Alex Prager

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Alex Prager
Born (1979-11-01) November 1, 1979 (age 39)
Los Angeles, CA, USA
NationalityAmerican
Known forPhotography, Filmmaking
AwardsEmmy, London Photography Award, FOAM Paul Huf Award
Websitewww.alexprager.com

Alex Prager (born November 1, 1979) is an American art photographer and filmmaker based in Los Angeles. Her photographs primarily use staged actors, models and extras to create "meticulously designed mise en scène”,[1] often described as film-like and hyperreal.[2] Prager’s growing filmography expands the fictive realities of her still works, touching upon themes of alienation and the pluralism of modern life.[3]

Career[edit]

Prager began her photography practice after viewing an exhibition of William Eggleston's at the Getty Museum in 1999-2000.[4] Her staged color photographs are described by Ken Johnson as being influenced by Cindy Sherman, Philip-Lorca diCorcia and Douglas Sirk.[5]

In 2005, Prager created a group of works, The Book of Disquiet, as an exhibition and joint publication with artist Mercedes Helnwein. She began to gain more attention after exhibiting Polyester in 2007, which focused on Southern California and portraits of various women and girls.[6] Her next series, titled "The Big Valley", was shown in 2008 at Michael Hoppen Gallery in London and in 2009 at Yancey Richardson Gallery in New York. In 2010, along with the series Week-End, Prager created her first short film, Despair which was based on her earlier photographic work.[7] Inspired by the 1948 film The Red Shoes and set in 1960s Los Angeles, the four-minute film chronicles the struggle of a ballerina – played by actress Bryce Dallas Howard – whose obsession with dance conflicts with her need for love, ultimately leading her to suicide.[8] The film was included in Museum of Modern Art's exhibition "New Photography 2010"[9] where Prager was recognized as a notable emerging talent.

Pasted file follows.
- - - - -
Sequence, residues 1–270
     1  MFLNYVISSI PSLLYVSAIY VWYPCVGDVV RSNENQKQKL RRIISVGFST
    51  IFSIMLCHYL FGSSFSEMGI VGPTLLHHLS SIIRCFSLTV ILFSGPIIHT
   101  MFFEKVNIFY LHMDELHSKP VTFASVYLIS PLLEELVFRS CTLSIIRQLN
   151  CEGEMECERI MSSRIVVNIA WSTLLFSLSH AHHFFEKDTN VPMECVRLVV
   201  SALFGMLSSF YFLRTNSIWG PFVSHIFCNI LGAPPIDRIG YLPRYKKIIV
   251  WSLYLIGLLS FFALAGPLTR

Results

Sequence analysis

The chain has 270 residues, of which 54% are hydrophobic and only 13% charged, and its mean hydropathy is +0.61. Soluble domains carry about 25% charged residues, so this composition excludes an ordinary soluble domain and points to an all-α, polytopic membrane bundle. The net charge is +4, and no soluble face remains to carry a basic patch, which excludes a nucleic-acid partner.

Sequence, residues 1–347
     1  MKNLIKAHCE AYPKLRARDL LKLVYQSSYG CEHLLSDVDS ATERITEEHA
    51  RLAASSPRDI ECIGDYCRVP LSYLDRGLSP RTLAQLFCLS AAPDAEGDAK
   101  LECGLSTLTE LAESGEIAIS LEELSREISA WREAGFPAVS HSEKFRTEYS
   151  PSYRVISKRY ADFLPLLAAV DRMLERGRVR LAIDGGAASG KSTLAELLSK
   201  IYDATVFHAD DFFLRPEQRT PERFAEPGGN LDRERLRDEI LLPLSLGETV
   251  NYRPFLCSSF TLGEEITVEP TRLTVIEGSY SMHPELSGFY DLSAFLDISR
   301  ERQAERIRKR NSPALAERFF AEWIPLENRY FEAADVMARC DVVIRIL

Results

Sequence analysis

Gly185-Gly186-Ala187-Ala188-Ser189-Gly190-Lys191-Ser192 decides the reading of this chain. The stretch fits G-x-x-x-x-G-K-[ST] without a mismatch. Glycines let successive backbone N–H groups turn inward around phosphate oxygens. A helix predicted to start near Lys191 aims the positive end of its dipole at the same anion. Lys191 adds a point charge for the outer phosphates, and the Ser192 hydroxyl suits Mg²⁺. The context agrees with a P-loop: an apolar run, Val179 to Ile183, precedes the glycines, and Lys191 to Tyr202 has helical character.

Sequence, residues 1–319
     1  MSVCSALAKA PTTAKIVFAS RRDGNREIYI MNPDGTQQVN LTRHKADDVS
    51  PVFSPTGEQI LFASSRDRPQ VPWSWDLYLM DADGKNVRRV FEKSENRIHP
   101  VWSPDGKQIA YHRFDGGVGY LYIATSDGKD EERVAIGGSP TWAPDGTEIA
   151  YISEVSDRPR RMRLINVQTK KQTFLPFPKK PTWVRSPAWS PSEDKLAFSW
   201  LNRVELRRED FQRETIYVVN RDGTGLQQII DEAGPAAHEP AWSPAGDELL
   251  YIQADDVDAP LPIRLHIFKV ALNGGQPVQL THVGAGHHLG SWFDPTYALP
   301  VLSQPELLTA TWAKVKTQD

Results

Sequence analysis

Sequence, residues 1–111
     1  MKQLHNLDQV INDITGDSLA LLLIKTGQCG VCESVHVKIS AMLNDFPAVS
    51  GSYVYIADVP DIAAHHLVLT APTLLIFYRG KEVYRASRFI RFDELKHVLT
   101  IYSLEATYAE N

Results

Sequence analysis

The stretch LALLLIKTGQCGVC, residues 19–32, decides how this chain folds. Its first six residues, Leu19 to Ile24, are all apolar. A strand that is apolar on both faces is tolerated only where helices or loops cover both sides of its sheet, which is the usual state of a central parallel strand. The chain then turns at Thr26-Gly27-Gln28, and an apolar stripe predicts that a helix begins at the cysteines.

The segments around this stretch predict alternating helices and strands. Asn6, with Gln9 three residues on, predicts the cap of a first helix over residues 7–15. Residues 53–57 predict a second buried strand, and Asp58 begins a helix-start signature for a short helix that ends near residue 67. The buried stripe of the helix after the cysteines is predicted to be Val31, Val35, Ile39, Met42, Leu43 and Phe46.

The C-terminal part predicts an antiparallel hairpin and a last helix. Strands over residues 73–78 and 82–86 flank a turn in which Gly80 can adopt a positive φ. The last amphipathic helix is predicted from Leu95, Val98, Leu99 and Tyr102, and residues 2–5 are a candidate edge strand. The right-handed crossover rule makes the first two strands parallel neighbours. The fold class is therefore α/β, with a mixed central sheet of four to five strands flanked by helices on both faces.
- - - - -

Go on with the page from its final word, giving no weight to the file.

In 2012, Prager addressed themes of disaster and spatial turbulence with the series Compulsion.[10] Prager's second short film "La Petite Mort" was made simultaneously, starring French actress Judith Godreche with narration from Gary Oldman. The film was a "contemplation on death" and according to Prager, devised from a more traditional film understanding.[11]

Prager's series, Face in the Crowd, debuted at Washington D.C.'s Corcoran Gallery of Art in 2013. Shot on a Hollywood soundstage, Prager re-built spaces of dense public gathering - city streets, a movie theater, a beach, an airport. She filled these sets with personally selected and dressed friends, relatives and 150 extras,[12] culminating in large-scale photographs and a 10-minute three-channel video installation starring actress Elizabeth Banks. Face in the Crowd magnifies Prager's characteristic evocation of timelessness whilst maintaining an acute awareness of the contemporary plight.[13]

In 2015, Prager was commissioned by the Paris Opera to create a film for 3e Scène. The film, La Grande Sortie, explores the tension between a performer’s experience on stage and the audience watching. It stars prima ballerina Émilie Cozette and features leading dancer Karl Paquette dancing to an adapted score by Nigel Godrich. The film was produced by Jeremy Dawson. La Grande Sortie premiered at 3e Scène on September 15, 2015.[14]

Beginning in October 2015, La Grande Sortie will be presented as part of a solo exhibition by Prager at Galerie des galeries in Paris, alongside a new set of photographic works.[15]

Works[edit]

Monographs[edit]

  • "Silver Lake Drive", Thames & Hudson (ISBN 0500544972)
  • “Face in the Crowd”, Corcoran (2013) (ISBN 0615901743)
  • “Compulsion”, Michael Hoppen Gallery (2012) (ISBN 0615613055)
  • "The Big Valley / Week-end", M+B and Yancey Richardson Gallery (2010) (ISBN 0615339182)

Notable Exhibitions[edit]

Public Collections[edit]

Videos[edit]

Recognition[edit]

Prager has received several major awards for her work, including an Emmy Award for the New York Times-commissioned piece Touch of Evil, starring Jessica Chastain, George Clooney, Glenn Close, Kirsten Dunst, Rooney Mara, Brad Pitt, and others.[30] In 2012, Prager received the Paul Huf award from Foam Fotografiemuseum Amsterdam, accolading her as one of the most distinct voices in contemporary photography.[31]